< Reveal sidebar

Trip Report: Flying on Azul’s Inaugural A330-900neo Flight from Sao Paulo to Recife in Business Class

Azul’s first Airbus A330-900neo awaiting its first departure. (Photo: AirlineGeeks | João Machado)

Azul Brazilian Airlines’ first international flights were announced in April 2014, only six years into its operation. Fueling the international expansion were seven secondhand Airbus A330-200s, a type still used today, and an order for five Airbus A350-900 XWBs. The Brazilian economy was soaring, the Brazilian real was well appreciated in relation to the dollar and fuel prices were at an all-time high. In such conditions, the A350s, set to be delivered in 2017, were well-needed.

An Azul Airbus A330-200 in Sao Paulo. (Photo: AirlineGeeks | Joao Machado)

Since then, Brazil has faced a severe recession, fuel prices returning to a reasonable price and its currency strongly depreciating, which shrank the international demand that once prompted Azul’s rapid expansion. In the start of 2017, Azul announced it would cancel the delivery of the A350s. Though the airline gave up of the A350, it did not give up on its international routes and announced the order of five A330-900neo aircraft, the next-generation version of the Airbus A330-300.

The first aircraft, after some delays, was finally delivered on May 11 at the Airbus Delivery Centre in Toulouse, France with little fanfare despite it being the first South American airline to take delivery of the type. Registered as PR-ANZ, the aircraft named “O Mundo é Azul” — Portuguese for “The World is Azul.”

Proudly wearing Azul’s colors, the A330neo will serve the same markets as the current generation A330s, connecting Azul’s main hub in Campinas to Fort Lauderdale, Orlando, Lisbon and Porto, as well as flying from Belo Horizonte and Recife to Orlando and from Recife to Fort Lauderdale. The two Floridian cities are the airline’s only destinations in the U.S., connecting Brazil to codeshare partner and fellow David Neeleman brainchild JetBlue Airways’ domestic route network.

Though the A330-200s are aging, the A330neos are set primarily to add capacity and not to substitute the A330ceos. The new aircraft feature an extended fuselage, comparable to the A330-300, and also a crew rest section which will allow them to operate longer routes, like Campinas-Paris.

According to Azul, the A330-900neo is set to burn 14 percent less fuel per seat, while carrying 26 more passengers than the A330-200 – 298 compared to the 272 of the densest version of the A330-200. The aircraft features a two-class configuration consisting of business class and economy class with 34 lie-flat seats in business class and 264 in economy comprised of 108 Economy Xtra seats and 156 in standard economy seats.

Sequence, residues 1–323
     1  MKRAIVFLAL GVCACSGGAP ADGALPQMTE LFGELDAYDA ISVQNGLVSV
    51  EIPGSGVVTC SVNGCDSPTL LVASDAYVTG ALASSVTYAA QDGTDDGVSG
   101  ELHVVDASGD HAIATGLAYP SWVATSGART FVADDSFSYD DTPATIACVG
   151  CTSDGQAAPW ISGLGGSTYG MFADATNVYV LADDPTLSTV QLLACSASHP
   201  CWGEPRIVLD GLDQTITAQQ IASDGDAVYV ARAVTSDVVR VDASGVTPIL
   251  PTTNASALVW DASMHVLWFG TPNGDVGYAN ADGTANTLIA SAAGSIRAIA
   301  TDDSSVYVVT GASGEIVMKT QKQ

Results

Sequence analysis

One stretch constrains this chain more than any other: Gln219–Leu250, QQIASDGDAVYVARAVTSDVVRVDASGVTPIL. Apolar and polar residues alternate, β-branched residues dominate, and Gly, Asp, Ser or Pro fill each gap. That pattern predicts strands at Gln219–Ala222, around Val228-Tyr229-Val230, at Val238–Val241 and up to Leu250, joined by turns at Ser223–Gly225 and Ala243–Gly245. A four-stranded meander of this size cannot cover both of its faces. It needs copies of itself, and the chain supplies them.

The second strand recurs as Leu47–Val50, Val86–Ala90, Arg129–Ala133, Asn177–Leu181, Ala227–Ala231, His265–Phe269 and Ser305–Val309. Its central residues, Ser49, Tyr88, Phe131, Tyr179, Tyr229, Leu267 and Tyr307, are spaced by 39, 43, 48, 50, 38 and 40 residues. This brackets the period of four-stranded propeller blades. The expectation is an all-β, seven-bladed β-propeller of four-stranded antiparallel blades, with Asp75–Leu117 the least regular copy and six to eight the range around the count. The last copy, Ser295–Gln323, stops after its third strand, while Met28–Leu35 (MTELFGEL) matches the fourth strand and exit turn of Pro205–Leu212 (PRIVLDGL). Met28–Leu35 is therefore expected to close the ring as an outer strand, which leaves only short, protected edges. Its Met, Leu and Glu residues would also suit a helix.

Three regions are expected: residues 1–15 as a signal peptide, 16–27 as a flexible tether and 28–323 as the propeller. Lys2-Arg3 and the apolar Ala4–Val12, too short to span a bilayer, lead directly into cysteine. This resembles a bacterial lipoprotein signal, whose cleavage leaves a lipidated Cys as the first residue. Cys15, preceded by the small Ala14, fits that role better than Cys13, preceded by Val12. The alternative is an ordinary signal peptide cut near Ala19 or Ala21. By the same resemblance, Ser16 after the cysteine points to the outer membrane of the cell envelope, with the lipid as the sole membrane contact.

Azul debuted the aircraft to the Brazilian traveling public on June 1 with a special flight between Sao Paulo and Recife, inviting AirlineGeeks onboard to document the first revenue flight for the Airbus A330-900neo for a South American carrier.

Azul’s First Airbus A330-900neo Flight

Arriving at Campinas-Viracopos airport, the terminal is so oversized it amazes you. The result of a 2014 project when the government granted it to the private sector, the airport was set to be, in the long term, a major gateway to Brazil. Then, the recession took its toll and such a dream was quickly gone. Even though Viracopos is a wonderful airport, it is a massive white elephant located 70 miles away from Guarulhos. Almost all passenger operations are made by Azul, which has a large hub there.

AD5304 was the first Airbus A330-900neo flight for Azul. (Photo: AirlineGeeks | João Machado)

The flight marked the first Airbus A330neo flight for a South American carrier. (Photo: AirlineGeeks | João Machado)

Our flight to Recife would be AD5304, typically operated by a narrowbody Airbus A320 aircraft instead of the widebody Airbus A330-900neo that would be gracing the route this day. The scheduled flight time of 3 hours and 15 minutes would allow us all to get well-acquainted with the aircraft as we headed up the Brazilian coast for Recife.

Business class ticket on Azul’s initial A330neo flight (Photo: AirlineGeeks | João Machado)